House Appropriators Press for New $10 Billion Cotton Subsidy

The cotton industry and its supporters in Congress have not been coy about asking for what they want: a new $10 billion farm subsidy.    

In December, 100 members of Congress wrote to Secretary of Agriculture Tom Vilsack on the cotton industry’s behalf, urging the Department of Agriculture to add cottonseed to the list of crops eligible for subsidy payments under the two crop insurance programs – Agriculture Risk Coverage and Price Loss Coverage.

After a lengthy back-and-forth, Secretary Vilsack ultimately denied the cotton industry’s request saying, “[t]he Farm Bill expressly removed eligibility of cotton for such payments, as cotton is no longer listed as a ‘covered commodity.’”

Not taking no for an answer, House Agriculture Appropriations Subcommittee Chairman Robert Aderholt (R-Ala.) tacked a provision onto the report accompanying the FY2017 agriculture spending bill to pressure Secretary Vilsack to reconsider.

Cottonseed as an Oilseed. – Section 8702(10) of Title 7 of the U.S. Code states the Secretary of Agriculture may choose to define ‘‘any oilseed as designated by the Secretary.’’ The Committee notes that this law is explicit in its intent. The Secretary has publicly chosen not to exercise such authority regarding cottonseed, even given significant demand from Congress and its constituencies. The Committee recognizes the significant obstacles facing cotton producers who are in need of financial assistance and encourages the Secretary to use the authority he has in law, and has used recently, to provide such assistance.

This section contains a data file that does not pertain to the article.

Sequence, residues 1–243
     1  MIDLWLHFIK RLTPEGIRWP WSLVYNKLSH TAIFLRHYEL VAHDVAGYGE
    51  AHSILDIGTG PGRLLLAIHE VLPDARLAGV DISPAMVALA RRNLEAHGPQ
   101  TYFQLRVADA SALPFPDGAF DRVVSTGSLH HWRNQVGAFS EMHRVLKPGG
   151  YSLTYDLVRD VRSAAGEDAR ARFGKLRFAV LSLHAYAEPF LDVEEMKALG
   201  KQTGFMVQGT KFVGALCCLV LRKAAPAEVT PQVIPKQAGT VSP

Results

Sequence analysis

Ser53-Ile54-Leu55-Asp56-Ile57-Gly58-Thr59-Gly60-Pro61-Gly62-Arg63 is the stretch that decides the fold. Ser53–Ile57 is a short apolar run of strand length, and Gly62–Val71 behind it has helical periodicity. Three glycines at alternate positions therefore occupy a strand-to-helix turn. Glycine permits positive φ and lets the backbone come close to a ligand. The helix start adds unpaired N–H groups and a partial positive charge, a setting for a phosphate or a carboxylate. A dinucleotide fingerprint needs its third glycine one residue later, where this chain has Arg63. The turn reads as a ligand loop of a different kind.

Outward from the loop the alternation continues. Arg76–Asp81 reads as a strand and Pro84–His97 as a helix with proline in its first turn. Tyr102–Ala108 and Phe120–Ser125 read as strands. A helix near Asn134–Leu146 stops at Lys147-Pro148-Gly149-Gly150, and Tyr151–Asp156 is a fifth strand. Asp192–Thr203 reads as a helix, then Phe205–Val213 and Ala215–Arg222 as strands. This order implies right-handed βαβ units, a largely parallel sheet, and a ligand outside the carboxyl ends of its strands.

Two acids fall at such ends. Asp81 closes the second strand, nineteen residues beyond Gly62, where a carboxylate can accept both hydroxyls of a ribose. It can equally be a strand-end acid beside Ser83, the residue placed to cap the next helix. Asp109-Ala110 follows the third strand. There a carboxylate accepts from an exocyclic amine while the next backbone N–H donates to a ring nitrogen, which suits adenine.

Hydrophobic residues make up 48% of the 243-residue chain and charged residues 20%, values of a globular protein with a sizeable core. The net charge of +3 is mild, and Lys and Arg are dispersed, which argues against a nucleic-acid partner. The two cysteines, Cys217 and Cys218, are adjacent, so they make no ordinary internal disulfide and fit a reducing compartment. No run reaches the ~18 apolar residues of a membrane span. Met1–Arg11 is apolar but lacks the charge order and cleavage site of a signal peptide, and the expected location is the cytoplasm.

Should the Obama Administration acquiesce to the House’s demands, the price tag for subsidizing cottonseed will be a whopping $10 billion over the next 10 years. Such a hefty price tag would likely trigger major cuts to conservation expenditures or other farm programs. According to EWG’s analysis, farm subsidy spending over the next three years is expected to dwarf previous expectations. In fact, this year farmers will likely receive the largest federal subsidy payout since 2006.

The reason for this new subsidy?

If you ask cotton growers, their reasons would be: low prices as a result of increased foreign competition, sluggish global markets and a strong U.S. dollar. But a closer look at cotton prices reveals that prices for upland cotton are actually just leveling off to historic averages. What’s more, cotton acreage is expected to increase by 11 percent this year and sales of cotton are expected to increase by over 6 percent from last year.

Source: USDA Cotton and Wood Yearbook; USDA Long-term Projections, February 2016.

Thankfully, critics of expanding farm subsidies are not standing by idly. Last week Sens. Jeff Flake (R-Ariz.) and Jeanne Shaheen (D-N.H.) sent a letter to House Speaker Paul Ryan (R-Ohio) and Senate Majority Leader Mitch McConnell (R-Ky.) opposing the use of the appropriations process to create a new subsidy for cotton growers. They wrote:

Certainly, past being prologue, cotton subsidies are not without controversy. Their expansion deserves a full debate on topics of appropriateness, equity, trade compliance, implemented cost, and realistic offsets. It is unlikely that an appropriations strategy will yield the attention to this topic that taxpayers deserve.

We couldn’t agree more. 

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